And I have to mention that discrimination against women is another barrier to fair competition and economic growth. A 2007 United Nations study found that the Asia-Pacific loses at least $58 billion of economic output every year because of restrictions on women’s access to employment and gender gaps in education. So, as host of APEC, we are organizing a high-level Summit on Women and the Economy in San Francisco this September.
We are also working though the World Trade Organization to address continuing challenges to fair competition. Take government procurement. The purchases that governments make represent an important part of the global economy, and citizens everywhere deserve to know that their governments are getting the best product at the best prices. Consistent with the WTO Government Procurement Agreement that we signed, America lets companies from other nations who have signed that same agreement compete for appropriate American Government contracts. We would naturally expect countries that want access to our government contracts to offer our companies genuine access to theirs in return.
Across the full spectrum of international institutions—the G8 and G20, the IMF, OECD, ILO, WTO, and others—we are working to level playing fields and encourage robust and fair economic activity. Just as the WTO eliminated harmful tariffs in the 1990s, today we need institutions capable of providing solutions to new challenges, from some activities of state-owned enterprises to the kinds of barriers emerging behind borders.
We also support innovative partnerships that develop norms and rules to address these new concerns. We should build on the model of the Santiago Principles on sovereign wealth funds, which were negotiated jointly by host governments, recipient governments, the World Bank, IMF, OECD, and the sovereign funds themselves. This code of conduct governing sovereign investment practices has reassured stakeholders — investor nations, recipient nations, and the private sector. And it may prove a useful model for other shared challenges, like ensuring that state-owned companies and enterprises compete on the same terms as private companies.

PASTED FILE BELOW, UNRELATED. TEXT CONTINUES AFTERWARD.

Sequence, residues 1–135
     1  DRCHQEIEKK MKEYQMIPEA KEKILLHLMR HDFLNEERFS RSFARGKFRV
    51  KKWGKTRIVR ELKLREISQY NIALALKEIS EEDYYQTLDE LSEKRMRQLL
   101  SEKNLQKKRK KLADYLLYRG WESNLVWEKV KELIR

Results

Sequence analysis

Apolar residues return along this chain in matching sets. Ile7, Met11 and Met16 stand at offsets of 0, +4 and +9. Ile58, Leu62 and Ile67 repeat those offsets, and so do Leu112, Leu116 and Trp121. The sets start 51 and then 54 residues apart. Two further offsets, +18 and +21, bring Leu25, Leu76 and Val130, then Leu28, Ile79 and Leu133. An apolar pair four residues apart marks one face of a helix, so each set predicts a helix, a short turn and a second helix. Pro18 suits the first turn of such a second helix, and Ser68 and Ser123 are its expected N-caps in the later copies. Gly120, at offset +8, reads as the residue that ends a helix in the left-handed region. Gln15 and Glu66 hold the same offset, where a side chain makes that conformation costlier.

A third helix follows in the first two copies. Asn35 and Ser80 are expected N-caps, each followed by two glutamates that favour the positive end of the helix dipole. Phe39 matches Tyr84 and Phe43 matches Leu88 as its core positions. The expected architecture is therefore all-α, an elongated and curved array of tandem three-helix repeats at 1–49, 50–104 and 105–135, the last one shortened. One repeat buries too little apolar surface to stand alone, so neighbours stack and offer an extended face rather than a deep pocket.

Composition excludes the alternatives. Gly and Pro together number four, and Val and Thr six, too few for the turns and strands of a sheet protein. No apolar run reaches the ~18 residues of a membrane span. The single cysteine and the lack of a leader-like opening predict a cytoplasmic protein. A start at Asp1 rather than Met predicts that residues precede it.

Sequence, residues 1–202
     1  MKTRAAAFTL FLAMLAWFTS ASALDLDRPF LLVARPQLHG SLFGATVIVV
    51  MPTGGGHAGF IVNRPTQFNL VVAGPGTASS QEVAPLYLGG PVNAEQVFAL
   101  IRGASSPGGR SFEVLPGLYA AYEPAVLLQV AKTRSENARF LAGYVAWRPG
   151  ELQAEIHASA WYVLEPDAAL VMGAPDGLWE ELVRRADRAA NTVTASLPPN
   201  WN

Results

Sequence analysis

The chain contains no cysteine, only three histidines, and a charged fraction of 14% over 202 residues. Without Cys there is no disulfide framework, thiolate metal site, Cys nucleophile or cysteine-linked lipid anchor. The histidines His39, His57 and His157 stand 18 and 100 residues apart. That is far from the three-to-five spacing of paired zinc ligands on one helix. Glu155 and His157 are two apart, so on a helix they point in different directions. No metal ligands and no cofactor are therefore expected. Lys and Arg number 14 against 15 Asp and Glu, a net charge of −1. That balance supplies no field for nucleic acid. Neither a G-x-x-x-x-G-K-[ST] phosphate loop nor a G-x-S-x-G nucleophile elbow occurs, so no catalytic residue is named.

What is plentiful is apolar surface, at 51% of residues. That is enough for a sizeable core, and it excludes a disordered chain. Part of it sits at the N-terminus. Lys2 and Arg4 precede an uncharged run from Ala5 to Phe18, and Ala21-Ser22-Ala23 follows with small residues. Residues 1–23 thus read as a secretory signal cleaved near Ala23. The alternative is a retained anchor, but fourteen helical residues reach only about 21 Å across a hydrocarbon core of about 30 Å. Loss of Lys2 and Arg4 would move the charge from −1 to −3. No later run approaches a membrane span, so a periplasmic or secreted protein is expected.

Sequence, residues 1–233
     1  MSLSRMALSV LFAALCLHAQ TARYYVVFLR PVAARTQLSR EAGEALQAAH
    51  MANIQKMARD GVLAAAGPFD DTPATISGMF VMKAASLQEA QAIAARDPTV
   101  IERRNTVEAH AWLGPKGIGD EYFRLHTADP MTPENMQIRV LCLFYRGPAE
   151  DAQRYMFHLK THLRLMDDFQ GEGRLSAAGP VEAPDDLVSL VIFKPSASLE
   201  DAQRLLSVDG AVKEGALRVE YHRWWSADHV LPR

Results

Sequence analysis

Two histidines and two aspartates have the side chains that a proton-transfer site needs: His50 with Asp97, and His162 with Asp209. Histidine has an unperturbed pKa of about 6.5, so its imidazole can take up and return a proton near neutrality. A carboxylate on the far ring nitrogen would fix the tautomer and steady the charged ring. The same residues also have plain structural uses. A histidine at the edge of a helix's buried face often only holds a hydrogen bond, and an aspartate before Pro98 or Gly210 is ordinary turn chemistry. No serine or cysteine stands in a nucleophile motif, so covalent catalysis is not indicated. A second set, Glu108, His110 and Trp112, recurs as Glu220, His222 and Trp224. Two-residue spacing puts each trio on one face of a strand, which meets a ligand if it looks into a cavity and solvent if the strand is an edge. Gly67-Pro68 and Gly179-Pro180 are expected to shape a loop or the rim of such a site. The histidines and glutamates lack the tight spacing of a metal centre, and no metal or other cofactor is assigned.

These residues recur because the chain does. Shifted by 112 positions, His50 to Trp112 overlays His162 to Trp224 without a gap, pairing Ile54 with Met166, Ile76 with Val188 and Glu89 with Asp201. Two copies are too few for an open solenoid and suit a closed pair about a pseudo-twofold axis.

As a second step, we are pursuing new cutting-edge trade deals that raise the standards for fair competition even as they open new markets. For instance, the Korea-US Free Trade Agreement, or KORUS, will eliminate tariffs on 95 percent of U.S. consumer and industrial exports within five years. Its tariff reductions alone could increase exports of American goods by more than $10 billion and help South Korea’s economy grow by 6 percent. So, whether you are an American manufacturer of machinery or a Korean chemicals exporter, this deal lowers the barriers to reaching new customers.
But this trade deal isn’t simply about who pays what tariff at our borders. It is a deeper commitment to creating conditions that let both our nations prosper as our companies compete fairly. KORUS includes significant improvements on intellectual property, fair labor practices, environmental protection and regulatory due process.
And let me add that the benefits of KORUS extend beyond the economic bottom line. Because this agreement represents a powerful strategic bet. It signals that America and South Korea are partners for the long term—economically, diplomatically, people to people. So, for all these reasons, President Obama is pursuing congressional approval of KORUS, together with necessary Trade Adjustment Assistance, as soon as possible. He is also pursuing passage of the Colombia and Panamanian Free Trade Agreements as well.
Now, we have learned that, in our system, getting trade deals right is challenging, painstaking work. But it's essential. We consider KORUS a model agreement. Asian nations have signed over 100 bilateral trade deals in less than a decade, but many of those agreements fall short on key protections for businesses, workers, and consumers. There are a lot of bells and whistles, but many of the hard questions are glossed over or avoided.